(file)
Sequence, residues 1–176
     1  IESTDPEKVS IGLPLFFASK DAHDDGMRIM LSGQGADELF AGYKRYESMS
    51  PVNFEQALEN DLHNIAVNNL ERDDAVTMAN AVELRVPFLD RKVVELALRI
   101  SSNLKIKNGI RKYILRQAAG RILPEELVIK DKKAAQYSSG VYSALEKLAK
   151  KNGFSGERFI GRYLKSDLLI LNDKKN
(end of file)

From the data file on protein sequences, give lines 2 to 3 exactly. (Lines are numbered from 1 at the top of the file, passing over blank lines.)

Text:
     1  IESTDPEKVS IGLPLFFASK DAHDDGMRIM LSGQGADELF AGYKRYESMS
    51  PVNFEQALEN DLHNIAVNNL ERDDAVTMAN AVELRVPFLD RKVVELALRI